An absolutely sparkling, sunny, summer morning…but windy.
We started by the roadside admiring Bloody Crane’s-bill, as you do, which was in full magenta flower and adjacent to blue-flowered Geranium x magnificum a sterile garden crane’s-bill so certainly the result of someone dumping garden rubbish and coincidently not recorded at South Gare before: A new record a few metres from where the cars were parked…and it got better.
But first a little history lesson – I brought along maps and everything; unfortunately no-one had reading glasses, fortunately it’s the thought that counts. South Gare was built from waste slag from the steelworks starting in 1861 and finishing in 1888. So everything we saw growing arrived after that…before that date it was mud flats or sea depending on whether the tide was in or out.
We walked onto an area of weathered slag where an interesting mix of calcareous and garden plants grow together. There were spectacular displays of the garden Snapdragon, some Broad-leaved Everlasting-pea just starting to flower and some fine Sweet-Williams. Of the natives were Kidney Vetch in the final throws of flowering, Blue Fleabane, Yellow-wort and Fairy Flax. Ploughman’s-spikenard, though still in bud, was a pleasant surprise here.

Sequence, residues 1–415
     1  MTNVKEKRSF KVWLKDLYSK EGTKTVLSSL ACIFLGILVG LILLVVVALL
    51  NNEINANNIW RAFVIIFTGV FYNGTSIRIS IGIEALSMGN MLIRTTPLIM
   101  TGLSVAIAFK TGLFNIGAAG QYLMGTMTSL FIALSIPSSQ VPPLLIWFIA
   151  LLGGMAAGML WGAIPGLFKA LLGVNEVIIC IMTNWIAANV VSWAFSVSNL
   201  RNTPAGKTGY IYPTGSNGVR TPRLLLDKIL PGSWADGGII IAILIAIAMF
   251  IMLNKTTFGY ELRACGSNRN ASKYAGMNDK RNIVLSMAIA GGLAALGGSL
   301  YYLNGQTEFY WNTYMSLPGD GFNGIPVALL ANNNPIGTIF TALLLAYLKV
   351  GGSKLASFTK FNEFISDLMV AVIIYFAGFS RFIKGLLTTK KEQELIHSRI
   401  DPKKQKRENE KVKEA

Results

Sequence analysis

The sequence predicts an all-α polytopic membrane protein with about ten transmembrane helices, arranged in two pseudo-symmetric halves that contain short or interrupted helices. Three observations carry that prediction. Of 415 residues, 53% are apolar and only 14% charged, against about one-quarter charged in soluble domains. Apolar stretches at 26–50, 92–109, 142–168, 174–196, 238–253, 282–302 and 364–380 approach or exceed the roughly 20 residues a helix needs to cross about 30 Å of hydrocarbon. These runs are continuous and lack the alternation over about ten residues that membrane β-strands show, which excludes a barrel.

And so over to where the sand dunes blended into the slag where we discovered Purple Milk-vetch flowering in abundance amongst the Marram. From here we walked over towards the industry where our goal was a large open and damp dune slack that was once inundated by seawater every year but is now landlocked after sand piled up at the entrance. On the way we saw much Hop-trefoil and had a discussion over a patch of Alliums that were eventually determined as Wild Onion thanks to John Poland’s invaluable vegetative flora. The Wild Onion was in bud, so looked little more than scattered green sticks amongst the dunes. You can imagine just how riveted everyone was…
Anyway, when we got to the dune slack we were treated to a splendid display of yellow Common Bird’s-foot-trefoil dotted with the deep purple of Northern Marsh-orchid and on closer inspection the tiny soft pink flowers of Sea-milkwort and the subtle interest of a small carpet of Few-flowered Spike-rush.
From there we headed over the dunes towards the sea, pausing to admire the various Oraches that were growing in the sand before walking along the shore back towards the Gare.
Just before arriving we nipped onto the dunes up and down as I thought I’d remembered where there was some Sea Holly growing. I nearly was right….it was the next dune nearer the sea, but we got there in the end and it was much admired. It is only recently here, having been recorded in 2001and since spread a little.
And then over to the Gare itself where a rare white-flowered form of Common Restharrow was flowering near to some Bee Orchids on the thin layer of sand that had accumulated on the concrete edge.